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UMaine Cooperative Extension: Insect Pests, Ticks & Plant Diseases


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Fact Sheets - Early Blight Of Tomato

Pest Management Fact Sheet #5087

Early Blight of Tomato

For information about UMaine Extension programs and resources, visit extension.umaine.edu.
Find more of our publications and books at extensionpubs.umext.maine.edu.

Introduction

Early blight of tomato, caused by the fungus Alternaria solani, is perhaps the most common foliar disease of tomatoes in the Northeast and is also common on potatoes. This disease causes direct losses by the infection of fruits and indirect losses by reducing plant vigor. Fruit from defoliated plants are also subject to sunscald.

Environmental Conditions

Alternaria spores germinate within 2 hours over a wide range of temperatures but at 80 to 85ºF may only take 1/2 hour. Another 3 to 12 hours are required for the fungus to penetrate the plant depending on temperature. After penetration, lesions may form within 2-3 days or the infection can remain dormant awaiting proper conditions (60ºF and extended periods of wetness). Alternaria sporulates best at about 80ºF when abundant moisture (as provided by rain, mist, fog, dew, irrigation) is present. Infections are most prevalent on poorly nourished or otherwise stressed plants.

Symptoms

Early blight produces a wide range of symptoms at all stages of plant growth. It can cause damping-off, collar rot, stem cankers, leaf blight, and fruit rot. The classic symptoms occur on the leaves where circular lesions up to 1/2″ in diameter are produced. Within these lesions dark, concentric circles can be seen. The leaf blight phase usually begins on the lower, older leaves and progresses up the plant. Infected leaves eventually wither, die, and fall from the plant.

Survival and Dispersal

The fungus spends the winter in infected plant debris in or on the soil where it can survive at least one and perhaps several years. It can also be seed borne. New spores are produced the following season. The spores are transported by water, wind, insects, other animals including man, and machinery. Once the initial infections have occurred, they become the most important source of new spore production and are responsible for rapid disease spread.

Control

  1. Use only clean seed saved from disease-free plants.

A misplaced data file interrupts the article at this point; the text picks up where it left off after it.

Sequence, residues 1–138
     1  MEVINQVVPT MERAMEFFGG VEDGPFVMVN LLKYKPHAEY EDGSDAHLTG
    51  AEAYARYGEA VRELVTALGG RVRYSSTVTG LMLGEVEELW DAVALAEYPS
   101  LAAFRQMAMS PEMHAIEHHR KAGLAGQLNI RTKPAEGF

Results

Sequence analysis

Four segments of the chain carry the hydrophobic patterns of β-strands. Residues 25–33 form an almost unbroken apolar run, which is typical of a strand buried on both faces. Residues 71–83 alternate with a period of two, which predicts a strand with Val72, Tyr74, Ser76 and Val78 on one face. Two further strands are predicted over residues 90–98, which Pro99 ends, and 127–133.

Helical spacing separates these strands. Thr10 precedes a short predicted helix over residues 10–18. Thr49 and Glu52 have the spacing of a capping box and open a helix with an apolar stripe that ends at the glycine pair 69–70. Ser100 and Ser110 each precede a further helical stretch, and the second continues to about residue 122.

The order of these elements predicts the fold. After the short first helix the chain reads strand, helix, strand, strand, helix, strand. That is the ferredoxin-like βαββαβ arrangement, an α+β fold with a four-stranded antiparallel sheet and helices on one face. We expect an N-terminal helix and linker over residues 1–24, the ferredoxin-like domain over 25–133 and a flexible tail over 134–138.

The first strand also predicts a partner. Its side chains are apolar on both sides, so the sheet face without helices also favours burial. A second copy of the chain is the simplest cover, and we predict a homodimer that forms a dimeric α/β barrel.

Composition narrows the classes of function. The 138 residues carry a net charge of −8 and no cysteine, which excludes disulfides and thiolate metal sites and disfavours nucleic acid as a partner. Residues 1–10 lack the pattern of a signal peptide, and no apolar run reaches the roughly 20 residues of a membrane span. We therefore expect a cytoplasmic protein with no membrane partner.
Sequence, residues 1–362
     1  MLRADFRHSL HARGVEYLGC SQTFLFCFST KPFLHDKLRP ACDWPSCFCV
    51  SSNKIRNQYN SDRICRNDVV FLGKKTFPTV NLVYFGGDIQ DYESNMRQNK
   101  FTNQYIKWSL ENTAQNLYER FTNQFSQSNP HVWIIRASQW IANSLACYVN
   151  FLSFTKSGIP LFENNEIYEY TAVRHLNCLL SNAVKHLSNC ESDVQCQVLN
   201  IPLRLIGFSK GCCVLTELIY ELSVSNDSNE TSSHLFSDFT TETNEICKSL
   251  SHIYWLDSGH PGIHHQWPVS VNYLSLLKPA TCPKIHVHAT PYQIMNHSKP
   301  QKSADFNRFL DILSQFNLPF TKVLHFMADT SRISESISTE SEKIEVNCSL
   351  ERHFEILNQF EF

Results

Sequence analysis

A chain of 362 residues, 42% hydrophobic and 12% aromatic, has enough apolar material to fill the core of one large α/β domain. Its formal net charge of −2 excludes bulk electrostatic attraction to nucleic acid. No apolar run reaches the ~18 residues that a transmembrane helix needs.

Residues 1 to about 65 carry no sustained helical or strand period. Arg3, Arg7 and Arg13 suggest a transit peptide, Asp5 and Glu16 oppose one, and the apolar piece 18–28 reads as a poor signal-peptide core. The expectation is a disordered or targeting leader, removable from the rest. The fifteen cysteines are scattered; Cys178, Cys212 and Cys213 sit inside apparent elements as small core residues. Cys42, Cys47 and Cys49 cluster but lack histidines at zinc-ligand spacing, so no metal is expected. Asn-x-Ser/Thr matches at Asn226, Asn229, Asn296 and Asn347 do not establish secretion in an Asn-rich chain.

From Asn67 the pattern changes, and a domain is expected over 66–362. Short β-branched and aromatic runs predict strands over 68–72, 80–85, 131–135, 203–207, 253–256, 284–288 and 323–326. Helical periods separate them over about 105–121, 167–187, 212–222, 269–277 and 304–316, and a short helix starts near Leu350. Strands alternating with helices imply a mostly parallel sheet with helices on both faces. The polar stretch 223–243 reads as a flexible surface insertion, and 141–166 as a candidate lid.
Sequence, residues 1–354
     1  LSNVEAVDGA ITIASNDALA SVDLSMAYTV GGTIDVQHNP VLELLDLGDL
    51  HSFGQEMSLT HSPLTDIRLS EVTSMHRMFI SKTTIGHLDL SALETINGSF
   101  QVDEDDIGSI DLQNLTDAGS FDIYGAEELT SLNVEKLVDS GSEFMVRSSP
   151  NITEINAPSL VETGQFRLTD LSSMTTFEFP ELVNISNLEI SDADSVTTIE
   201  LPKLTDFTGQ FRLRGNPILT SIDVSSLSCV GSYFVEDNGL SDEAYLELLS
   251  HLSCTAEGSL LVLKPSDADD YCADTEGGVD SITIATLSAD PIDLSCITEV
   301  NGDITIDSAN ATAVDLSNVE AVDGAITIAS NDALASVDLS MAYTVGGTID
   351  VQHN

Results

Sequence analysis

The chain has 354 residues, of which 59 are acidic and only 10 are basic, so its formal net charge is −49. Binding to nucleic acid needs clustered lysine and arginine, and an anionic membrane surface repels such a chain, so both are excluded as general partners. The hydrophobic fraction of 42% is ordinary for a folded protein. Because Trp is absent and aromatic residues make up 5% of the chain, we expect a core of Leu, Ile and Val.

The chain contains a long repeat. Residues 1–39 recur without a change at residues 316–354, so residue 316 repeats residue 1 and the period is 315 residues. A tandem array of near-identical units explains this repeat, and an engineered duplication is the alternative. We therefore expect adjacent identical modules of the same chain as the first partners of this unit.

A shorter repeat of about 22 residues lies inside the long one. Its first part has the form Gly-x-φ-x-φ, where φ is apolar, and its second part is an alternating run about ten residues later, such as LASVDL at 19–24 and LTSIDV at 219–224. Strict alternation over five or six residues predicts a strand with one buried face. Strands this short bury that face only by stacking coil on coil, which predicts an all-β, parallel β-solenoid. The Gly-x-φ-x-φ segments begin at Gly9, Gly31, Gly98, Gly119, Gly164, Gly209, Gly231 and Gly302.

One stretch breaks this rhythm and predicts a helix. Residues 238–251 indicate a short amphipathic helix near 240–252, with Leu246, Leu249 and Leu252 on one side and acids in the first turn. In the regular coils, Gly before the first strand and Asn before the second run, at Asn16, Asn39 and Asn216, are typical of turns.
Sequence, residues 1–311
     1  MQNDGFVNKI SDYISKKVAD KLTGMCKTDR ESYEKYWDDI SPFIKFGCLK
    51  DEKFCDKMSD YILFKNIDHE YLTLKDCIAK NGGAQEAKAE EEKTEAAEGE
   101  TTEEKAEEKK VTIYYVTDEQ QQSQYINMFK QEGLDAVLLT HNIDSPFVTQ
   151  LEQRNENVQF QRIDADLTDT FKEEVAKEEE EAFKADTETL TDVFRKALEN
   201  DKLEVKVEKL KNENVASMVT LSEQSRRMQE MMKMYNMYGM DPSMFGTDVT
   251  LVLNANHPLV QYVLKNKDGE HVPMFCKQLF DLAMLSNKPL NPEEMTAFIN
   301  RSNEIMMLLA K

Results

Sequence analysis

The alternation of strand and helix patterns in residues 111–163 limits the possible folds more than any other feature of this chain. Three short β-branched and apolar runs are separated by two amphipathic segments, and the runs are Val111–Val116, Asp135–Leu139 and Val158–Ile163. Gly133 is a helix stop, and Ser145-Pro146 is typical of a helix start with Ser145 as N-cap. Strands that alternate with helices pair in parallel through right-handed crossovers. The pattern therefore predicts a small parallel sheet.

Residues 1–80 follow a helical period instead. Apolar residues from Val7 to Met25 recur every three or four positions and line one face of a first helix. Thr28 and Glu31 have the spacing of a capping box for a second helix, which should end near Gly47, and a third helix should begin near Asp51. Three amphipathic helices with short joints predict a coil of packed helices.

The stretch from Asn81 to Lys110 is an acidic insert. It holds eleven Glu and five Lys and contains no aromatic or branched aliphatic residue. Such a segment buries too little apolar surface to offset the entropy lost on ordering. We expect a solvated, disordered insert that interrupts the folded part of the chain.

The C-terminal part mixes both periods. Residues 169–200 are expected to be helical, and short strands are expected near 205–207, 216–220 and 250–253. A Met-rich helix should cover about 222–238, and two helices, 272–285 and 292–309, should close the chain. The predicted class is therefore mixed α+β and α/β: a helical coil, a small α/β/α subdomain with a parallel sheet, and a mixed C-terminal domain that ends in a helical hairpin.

2. Remove and destroy crop residue at the end of the season. Where this is not practical, plow residue into the soil to promote breakdown by soil microorganisms and to physically remove the spore source from the soil surface.
  3. Practice crop rotation to non-susceptible crops (3 years). Be sure to control volunteers and susceptible weeds.
  4. Promote good air circulation by proper spacing of plants.
  5. Orient rows in the direction of prevailing winds, avoid shaded areas, and avoid wind barriers.
  6. Irrigate early in the day to promote rapid drying of foliage.
  7. Healthy plants with adequate nutrition are less susceptible to the disease.
  8. Minimize plant injury and the spread of spores by controlling insect feeding.
  9. Hand picking diseased foliage may slow the rate of disease spread but should not be relied on for control. Do not work in a wet garden.
  10. Use resistant or tolerant varieties.
  11. The preventative fungicide chlorothalonil (Bravo) used on a seven to ten day schedule gives effective control.
Fungicides for Early Blight Control
Fungicide Typical Application Interval Examples of Trade Names
azoxystrobin, pyraclostrobin 7 to 14 days Quadris, Amistar, Cabrio EG
Bacillus subtilis 5 to 7 days Seranade
chlorothalonil 7 to 14 days Daconil, Bravo, Echo, Fungonil and others
copper products 7 to 14 days Bordeaux Mixture, Kocide, Tenn-Cop,Liqui-cop,  Basicop, Camelot
hydrogen dioxide Commercial only, see label Oxidate
mancozeb and maneb 7 to 14 days Dithane, Penncozeb, Manex, Mancozeb, Maneb
potassium bicarbonate 5-14 days as needed Armicarb 100, Firststep
ziram 7 to 14 days Ziram

When Using Pesticides

ALWAYS FOLLOW LABEL DIRECTIONS!

Pest Management Office
491 College Avenue, Orono, ME 04473-1295
1-800-287-0279 (in Maine)


Information in this publication is provided purely for educational purposes. No responsibility is assumed for any problems associated with the use of products or services mentioned. No endorsement of products or companies is intended, nor is criticism of unnamed products or companies implied.

© 2010
Published and distributed in furtherance of Acts of Congress of May 8 and June 30, 1914, by the University of Maine Cooperative Extension, the Land Grant University of the state of Maine and the U.S. Department of Agriculture cooperating. Cooperative Extension and other agencies of the U.S.D.A. provide equal opportunities in programs and employment.

Call 800-287-0274 or TDD 800-287-8957 (in Maine), or 207-581-3188, for information on publications and program offerings from University of Maine Cooperative Extension, or visit extension.umaine.edu.

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Contact Information

UMaine Cooperative Extension: Insect Pests, Ticks & Plant Diseases
491 College Avenue
Orono, Maine 04473-1295
Phone: 207.581.3880, 800.287.0279 (in Maine) or 800.287.8957 (TDD)E-mail: extension@maine.edu
The University of Maine
Orono, Maine 04469
207.581.1110
A Member of the University of Maine System